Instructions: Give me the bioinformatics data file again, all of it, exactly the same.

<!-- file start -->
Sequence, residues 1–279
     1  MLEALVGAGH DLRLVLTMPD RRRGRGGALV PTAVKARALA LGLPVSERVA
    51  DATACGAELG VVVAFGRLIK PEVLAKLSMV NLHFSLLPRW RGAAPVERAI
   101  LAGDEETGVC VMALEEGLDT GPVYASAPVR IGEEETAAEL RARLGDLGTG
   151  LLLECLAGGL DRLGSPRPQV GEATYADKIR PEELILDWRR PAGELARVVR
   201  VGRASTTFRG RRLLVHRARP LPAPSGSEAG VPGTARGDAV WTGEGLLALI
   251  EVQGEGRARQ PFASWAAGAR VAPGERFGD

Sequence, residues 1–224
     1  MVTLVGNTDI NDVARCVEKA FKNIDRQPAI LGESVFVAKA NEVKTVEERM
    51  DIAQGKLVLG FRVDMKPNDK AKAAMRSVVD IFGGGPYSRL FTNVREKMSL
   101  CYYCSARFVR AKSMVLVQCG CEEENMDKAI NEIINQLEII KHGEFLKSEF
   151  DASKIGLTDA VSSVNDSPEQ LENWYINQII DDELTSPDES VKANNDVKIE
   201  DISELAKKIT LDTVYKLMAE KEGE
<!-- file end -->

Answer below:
Sequence, residues 1–279
     1  MLEALVGAGH DLRLVLTMPD RRRGRGGALV PTAVKARALA LGLPVSERVA
    51  DATACGAELG VVVAFGRLIK PEVLAKLSMV NLHFSLLPRW RGAAPVERAI
   101  LAGDEETGVC VMALEEGLDT GPVYASAPVR IGEEETAAEL RARLGDLGTG
   151  LLLECLAGGL DRLGSPRPQV GEATYADKIR PEELILDWRR PAGELARVVR
   201  VGRASTTFRG RRLLVHRARP LPAPSGSEAG VPGTARGDAV WTGEGLLALI
   251  EVQGEGRARQ PFASWAAGAR VAPGERFGD

Sequence, residues 1–224
     1  MVTLVGNTDI NDVARCVEKA FKNIDRQPAI LGESVFVAKA NEVKTVEERM
    51  DIAQGKLVLG FRVDMKPNDK AKAAMRSVVD IFGGGPYSRL FTNVREKMSL
   101  CYYCSARFVR AKSMVLVQCG CEEENMDKAI NEIINQLEII KHGEFLKSEF
   151  DASKIGLTDA VSSVNDSPEQ LENWYINQII DDELTSPDES VKANNDVKIE
   201  DISELAKKIT LDTVYKLMAE KEGE